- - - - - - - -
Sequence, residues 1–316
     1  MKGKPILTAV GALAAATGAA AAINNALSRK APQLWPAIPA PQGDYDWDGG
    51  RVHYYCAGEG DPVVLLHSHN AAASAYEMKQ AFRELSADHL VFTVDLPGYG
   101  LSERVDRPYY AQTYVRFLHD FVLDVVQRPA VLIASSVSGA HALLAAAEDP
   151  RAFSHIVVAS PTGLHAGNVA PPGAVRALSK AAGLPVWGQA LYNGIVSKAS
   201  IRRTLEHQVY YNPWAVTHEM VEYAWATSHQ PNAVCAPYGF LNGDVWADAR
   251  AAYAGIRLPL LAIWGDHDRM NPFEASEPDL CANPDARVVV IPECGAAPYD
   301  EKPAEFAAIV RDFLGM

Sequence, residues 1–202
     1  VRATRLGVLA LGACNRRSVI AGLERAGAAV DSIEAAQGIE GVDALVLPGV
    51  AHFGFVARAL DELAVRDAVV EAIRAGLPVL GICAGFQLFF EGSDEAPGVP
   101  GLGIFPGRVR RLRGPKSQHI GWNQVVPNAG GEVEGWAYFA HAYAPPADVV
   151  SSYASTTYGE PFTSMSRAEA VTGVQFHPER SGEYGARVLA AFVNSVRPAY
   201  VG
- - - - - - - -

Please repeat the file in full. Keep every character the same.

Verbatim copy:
Sequence, residues 1–316
     1  MKGKPILTAV GALAAATGAA AAINNALSRK APQLWPAIPA PQGDYDWDGG
    51  RVHYYCAGEG DPVVLLHSHN AAASAYEMKQ AFRELSADHL VFTVDLPGYG
   101  LSERVDRPYY AQTYVRFLHD FVLDVVQRPA VLIASSVSGA HALLAAAEDP
   151  RAFSHIVVAS PTGLHAGNVA PPGAVRALSK AAGLPVWGQA LYNGIVSKAS
   201  IRRTLEHQVY YNPWAVTHEM VEYAWATSHQ PNAVCAPYGF LNGDVWADAR
   251  AAYAGIRLPL LAIWGDHDRM NPFEASEPDL CANPDARVVV IPECGAAPYD
   301  EKPAEFAAIV RDFLGM

Sequence, residues 1–202
     1  VRATRLGVLA LGACNRRSVI AGLERAGAAV DSIEAAQGIE GVDALVLPGV
    51  AHFGFVARAL DELAVRDAVV EAIRAGLPVL GICAGFQLFF EGSDEAPGVP
   101  GLGIFPGRVR RLRGPKSQHI GWNQVVPNAG GEVEGWAYFA HAYAPPADVV
   151  SSYASTTYGE PFTSMSRAEA VTGVQFHPER SGEYGARVLA AFVNSVRPAY
   201  VG